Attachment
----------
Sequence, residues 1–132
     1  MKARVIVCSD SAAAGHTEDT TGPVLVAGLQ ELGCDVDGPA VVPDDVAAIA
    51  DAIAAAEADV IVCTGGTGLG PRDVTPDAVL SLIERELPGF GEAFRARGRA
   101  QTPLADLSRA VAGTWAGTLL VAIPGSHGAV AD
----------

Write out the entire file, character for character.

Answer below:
Sequence, residues 1–132
     1  MKARVIVCSD SAAAGHTEDT TGPVLVAGLQ ELGCDVDGPA VVPDDVAAIA
    51  DAIAAAEADV IVCTGGTGLG PRDVTPDAVL SLIERELPGF GEAFRARGRA
   101  QTPLADLSRA VAGTWAGTLL VAIPGSHGAV AD